SEIS – What you Need to know
The Seed Enterprise Investment Scheme (SEIS) is often considered one of the best options for early-stage founders.
In technical terms, SEIS operates similarly to EIS by providing tax reliefs to investors who purchase new shares in your company. According to HMRC rules, companies can benefit from up to £250,000 of SEIS relief for investors.
Investors who opt to purchase shares from your company can enjoy a generous 50% income tax relief on investments, up to a limit of £200,000.
However, there are certain conditions that must be met.
For instance, your startup should NOT have more than 25 employees or gross assets exceeding £350,000 (£200,000 for shares issued before 6 April 2023) to qualify for SEIS. Additionally, your startup must not have been trading for more than 3 years to be eligible for SEIS benefits.
You’re likely to be eligible for SEIS if your startup:
- Carries out a new qualifying trade.
- Is established in the UK.
- Doesn’t have gross assets over £350,000 (£200,000 for shares issued before 6 April 2023).
- Isn’t in a partnership.
- Has 25 or less full-time employees when it issues shares.
What type of Tech startups can get SEIS and/or EIS?
We’ve created a table to assist you in determining what’s most suitable for your startup. If you have any questions, please don’t hesitate to contact us for a free consultation.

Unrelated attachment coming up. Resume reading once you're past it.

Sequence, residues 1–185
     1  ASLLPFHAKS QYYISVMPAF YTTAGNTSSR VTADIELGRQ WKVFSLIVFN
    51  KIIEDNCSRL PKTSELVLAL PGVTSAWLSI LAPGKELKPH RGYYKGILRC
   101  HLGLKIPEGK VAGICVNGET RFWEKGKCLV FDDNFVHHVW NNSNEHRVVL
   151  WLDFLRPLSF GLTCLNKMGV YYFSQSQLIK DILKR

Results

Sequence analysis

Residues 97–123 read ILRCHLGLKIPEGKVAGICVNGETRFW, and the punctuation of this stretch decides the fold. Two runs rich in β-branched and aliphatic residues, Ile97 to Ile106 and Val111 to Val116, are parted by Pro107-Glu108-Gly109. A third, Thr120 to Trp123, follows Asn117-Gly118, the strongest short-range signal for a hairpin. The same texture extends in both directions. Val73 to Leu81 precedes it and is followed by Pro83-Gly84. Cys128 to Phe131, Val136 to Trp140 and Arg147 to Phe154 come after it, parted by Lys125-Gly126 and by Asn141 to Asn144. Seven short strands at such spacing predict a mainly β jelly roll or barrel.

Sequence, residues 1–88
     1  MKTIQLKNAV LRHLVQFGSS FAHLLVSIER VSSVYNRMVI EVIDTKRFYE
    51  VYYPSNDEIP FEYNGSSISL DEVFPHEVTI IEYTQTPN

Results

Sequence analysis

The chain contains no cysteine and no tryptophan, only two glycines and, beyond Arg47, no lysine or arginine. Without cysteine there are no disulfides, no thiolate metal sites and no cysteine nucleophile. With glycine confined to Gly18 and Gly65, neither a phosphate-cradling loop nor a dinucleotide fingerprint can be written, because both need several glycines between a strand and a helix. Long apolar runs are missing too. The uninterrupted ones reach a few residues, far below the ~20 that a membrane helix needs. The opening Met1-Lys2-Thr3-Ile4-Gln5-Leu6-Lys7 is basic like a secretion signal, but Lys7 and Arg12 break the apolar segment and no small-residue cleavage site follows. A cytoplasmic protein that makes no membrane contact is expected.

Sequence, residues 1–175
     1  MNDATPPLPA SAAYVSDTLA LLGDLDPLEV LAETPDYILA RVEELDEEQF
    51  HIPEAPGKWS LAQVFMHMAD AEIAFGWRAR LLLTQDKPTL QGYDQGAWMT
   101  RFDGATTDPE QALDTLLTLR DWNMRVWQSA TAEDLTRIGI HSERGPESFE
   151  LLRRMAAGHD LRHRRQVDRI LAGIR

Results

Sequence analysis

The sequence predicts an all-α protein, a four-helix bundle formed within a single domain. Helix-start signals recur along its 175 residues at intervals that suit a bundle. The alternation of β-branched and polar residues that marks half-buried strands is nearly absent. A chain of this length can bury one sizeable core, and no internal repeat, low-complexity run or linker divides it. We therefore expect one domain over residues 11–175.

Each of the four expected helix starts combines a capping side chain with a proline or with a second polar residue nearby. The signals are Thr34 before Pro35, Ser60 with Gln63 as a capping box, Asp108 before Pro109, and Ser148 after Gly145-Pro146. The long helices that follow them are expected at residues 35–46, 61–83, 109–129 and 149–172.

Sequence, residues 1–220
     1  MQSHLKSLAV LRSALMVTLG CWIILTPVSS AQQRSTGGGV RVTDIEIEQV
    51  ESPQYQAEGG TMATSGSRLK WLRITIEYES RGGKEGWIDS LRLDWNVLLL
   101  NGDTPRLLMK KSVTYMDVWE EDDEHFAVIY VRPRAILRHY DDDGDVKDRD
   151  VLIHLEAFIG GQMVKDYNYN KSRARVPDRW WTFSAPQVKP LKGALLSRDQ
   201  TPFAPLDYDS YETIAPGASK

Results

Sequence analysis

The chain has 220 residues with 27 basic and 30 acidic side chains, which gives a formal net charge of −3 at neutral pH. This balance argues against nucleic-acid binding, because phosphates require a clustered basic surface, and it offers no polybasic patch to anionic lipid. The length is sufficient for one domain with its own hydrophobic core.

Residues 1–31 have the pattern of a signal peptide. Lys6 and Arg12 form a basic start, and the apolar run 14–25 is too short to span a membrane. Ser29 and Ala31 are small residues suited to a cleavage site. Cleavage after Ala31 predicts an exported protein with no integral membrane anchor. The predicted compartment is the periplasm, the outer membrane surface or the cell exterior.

When did your startup officially begin operating business?
The “start of trading” is a crucial factor for SEIS/EIS. It marks the beginning of a two-year period for EIS eligibility, and it also determines when your startup loses the ability to claim EIS relief entirely after seven years.
It’s important to note that your startup’s start of trading may not align with its incorporation date or when you initially began working on the project. According to HMRC, the start of trading is when you either make your startup’s first commercial sale or are ready to do so.
This can be a bit complex, but we’re here to offer free advice to ensure you comply with HMRC rules and make the most of SEIS/EIS opportunities.
It’s a smart move to check with HMRC to see if investors who purchase shares in your startup are eligible for SEIS and/or EIS relief on their investment. You can, and usually should, do this even before you secure investment, using a convenient process called ‘Advance Assurance.’
You have the option to handle Advance Assurance on your own, or you can turn to F6S for assistance. The primary advantage for your startup when obtaining Advance Assurance is that you can inform potential investors right away that HMRC has already approved your SEIS or EIS eligibility. However, it’s crucial to ensure that you continue to meet the qualifying criteria.
What advantages do SEIS and/or EIS offer to founders and startups?
Securing investment for your startup can be a challenging task for any founder, even when investors are receiving shares in your company in exchange.
Having your investment round approved as SEIS and/or EIS eligible provides investors with the assurance that they will receive at least 30% of their investment back immediately as a tax credit. The idea behind SEIS and/or EIS investor refunds is that they make investors more inclined to invest in your early-stage idea, which can ultimately benefit you and your startup.